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It's completely possible to change the amplitude (the difference between the maximun value of the wave and the minimun) without changing the frecuency. Think this in AC, where you can have signals with different voltage but the same frecuency. To illustrate it I'll show you this for a harmonic wave: $$x(t)=Acos(\omega t+\phi)$$ You can vary the amplitude ...

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Any material between two nodes is displaced by the same direction. So the direction of B and C has to be the same as well as the direction of A and D due to symmetry. In addition, the direction of A must be the opposite of B since they are across from a node. Similarly the direction of C and D must be opposite. So the two possible configurations are ...

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A standing wave is a wave that has nodes. The points of the wave go up and down in some places, and remain at zero at others (the nodes). The general form of a standing wave is a sine curve that remains at a fixed position, but its amplitude changes in time between $+A_0$ and $-A_0$. Specifially, there is a time where the wave form is completely flat. ...

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Sound as we know it is a disturbance of our atmosphere, transmitted as a wave to our ears - and yes, it can absolutely be lethal - shockwaves can hurt people very badly, as anyone who's been to the scene of a large explosion can attest. We typically measure "loudness" on a log scale of the pressure of the sound wave - I admit I'm unsure of how much pressure ...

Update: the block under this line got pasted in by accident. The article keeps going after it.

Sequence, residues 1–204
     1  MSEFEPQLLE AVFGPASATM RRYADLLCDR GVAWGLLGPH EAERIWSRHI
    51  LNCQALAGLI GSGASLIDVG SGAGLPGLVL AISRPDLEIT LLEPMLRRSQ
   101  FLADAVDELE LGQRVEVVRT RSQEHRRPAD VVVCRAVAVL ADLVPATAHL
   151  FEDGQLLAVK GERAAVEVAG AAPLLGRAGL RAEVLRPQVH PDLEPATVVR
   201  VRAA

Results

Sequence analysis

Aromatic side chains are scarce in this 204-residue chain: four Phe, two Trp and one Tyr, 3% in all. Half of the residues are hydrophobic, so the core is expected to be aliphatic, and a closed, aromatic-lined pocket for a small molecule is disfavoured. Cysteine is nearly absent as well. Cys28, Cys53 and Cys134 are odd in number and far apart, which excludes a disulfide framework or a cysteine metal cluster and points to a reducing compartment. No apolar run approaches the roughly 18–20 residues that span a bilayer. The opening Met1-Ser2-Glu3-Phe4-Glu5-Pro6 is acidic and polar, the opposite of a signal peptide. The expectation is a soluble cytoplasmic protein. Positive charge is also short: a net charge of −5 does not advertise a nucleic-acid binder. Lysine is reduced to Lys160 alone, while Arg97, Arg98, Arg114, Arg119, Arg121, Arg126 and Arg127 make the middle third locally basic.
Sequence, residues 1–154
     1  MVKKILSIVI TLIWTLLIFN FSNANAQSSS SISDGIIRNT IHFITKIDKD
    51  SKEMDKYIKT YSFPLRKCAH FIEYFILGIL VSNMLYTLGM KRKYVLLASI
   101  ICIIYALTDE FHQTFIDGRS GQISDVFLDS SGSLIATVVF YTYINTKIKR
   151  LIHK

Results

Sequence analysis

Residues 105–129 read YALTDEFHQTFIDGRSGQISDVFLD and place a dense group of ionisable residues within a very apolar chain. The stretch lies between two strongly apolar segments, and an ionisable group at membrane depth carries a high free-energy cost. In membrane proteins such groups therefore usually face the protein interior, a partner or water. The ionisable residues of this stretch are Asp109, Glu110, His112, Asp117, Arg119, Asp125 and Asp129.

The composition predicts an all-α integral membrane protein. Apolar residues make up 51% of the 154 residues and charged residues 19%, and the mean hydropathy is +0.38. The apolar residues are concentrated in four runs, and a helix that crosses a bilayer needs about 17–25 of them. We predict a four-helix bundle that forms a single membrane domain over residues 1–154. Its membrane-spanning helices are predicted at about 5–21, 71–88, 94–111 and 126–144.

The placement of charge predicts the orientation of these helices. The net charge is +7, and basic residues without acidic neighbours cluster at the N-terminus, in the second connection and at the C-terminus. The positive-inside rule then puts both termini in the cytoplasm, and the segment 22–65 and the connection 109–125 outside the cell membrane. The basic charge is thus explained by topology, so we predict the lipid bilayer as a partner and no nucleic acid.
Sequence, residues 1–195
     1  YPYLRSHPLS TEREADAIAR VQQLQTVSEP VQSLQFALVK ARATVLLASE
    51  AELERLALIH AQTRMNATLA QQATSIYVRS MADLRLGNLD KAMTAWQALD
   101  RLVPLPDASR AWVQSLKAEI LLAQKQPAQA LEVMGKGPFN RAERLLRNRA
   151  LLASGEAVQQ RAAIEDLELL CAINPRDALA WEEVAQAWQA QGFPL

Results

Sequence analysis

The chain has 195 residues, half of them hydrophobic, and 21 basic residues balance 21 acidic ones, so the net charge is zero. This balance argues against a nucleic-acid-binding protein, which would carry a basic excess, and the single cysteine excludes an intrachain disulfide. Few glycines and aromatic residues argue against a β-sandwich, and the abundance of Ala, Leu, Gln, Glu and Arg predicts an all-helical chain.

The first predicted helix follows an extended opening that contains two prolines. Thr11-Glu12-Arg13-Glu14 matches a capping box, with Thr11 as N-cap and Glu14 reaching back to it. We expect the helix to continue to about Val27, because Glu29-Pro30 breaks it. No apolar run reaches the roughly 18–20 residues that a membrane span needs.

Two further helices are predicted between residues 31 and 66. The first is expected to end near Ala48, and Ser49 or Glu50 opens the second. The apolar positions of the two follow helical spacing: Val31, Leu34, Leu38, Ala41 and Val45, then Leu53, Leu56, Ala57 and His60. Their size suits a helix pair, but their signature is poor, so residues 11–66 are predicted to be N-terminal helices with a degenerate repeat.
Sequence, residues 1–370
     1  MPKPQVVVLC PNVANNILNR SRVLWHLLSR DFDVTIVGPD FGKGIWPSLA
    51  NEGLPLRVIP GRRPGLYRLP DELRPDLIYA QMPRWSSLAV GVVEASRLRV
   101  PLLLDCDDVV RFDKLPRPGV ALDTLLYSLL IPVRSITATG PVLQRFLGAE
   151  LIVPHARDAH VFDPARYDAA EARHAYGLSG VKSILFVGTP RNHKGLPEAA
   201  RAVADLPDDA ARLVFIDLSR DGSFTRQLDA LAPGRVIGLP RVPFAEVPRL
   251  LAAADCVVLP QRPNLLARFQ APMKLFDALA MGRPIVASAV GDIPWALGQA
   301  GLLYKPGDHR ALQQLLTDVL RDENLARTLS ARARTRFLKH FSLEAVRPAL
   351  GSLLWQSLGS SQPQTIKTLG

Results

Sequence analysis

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Each photon leaves its energy in the molecules of the screen. Destructive interference observed at the line x=1mm for example , means that the probability of finding a photon at x=1 is close to zero. Instead, the photon has very high probabiliy of depositing its energy at the construcive interference fringe.

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Yes, the formulae $p=h/\lambda$ and $E=h\nu$ (the same equations as yours, reverted a bit) are universal – they hold not only for photons but for any particle. Also, these two equations aren't quite independent. Assuming special relativity, they both follow from the de Broglie form of the wave function which is pure phase:  \psi(x,t) = C\cdot \exp(2\pi i ...

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The tension in the two cords is the same because they are tied together. For example if the tension in the thick cord was higher than the thin cord the thick cord would shrink and the thin cord stretch until the tensions were equal again. The frequency has to be the same in both cords because the phase of the wave has to match at the junction between the ...

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You don't need a sharp discontinuity in the speed of sound to guide the waves. Remember that reflection does not occur right at the interface; rather, the wave always penetrates outside the waveguide to "see" what's going on there. A gradual increase in the speed of sound enforces the wave to reflect as well. Reflection occurs from above due to the ...

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The phase change happens because it is how waves behave. An additional link provides lecture notes. I know that u are not satisfied with this answer but you can compare this with mechanical waves in a string which gives better intuition by use of newtons laws.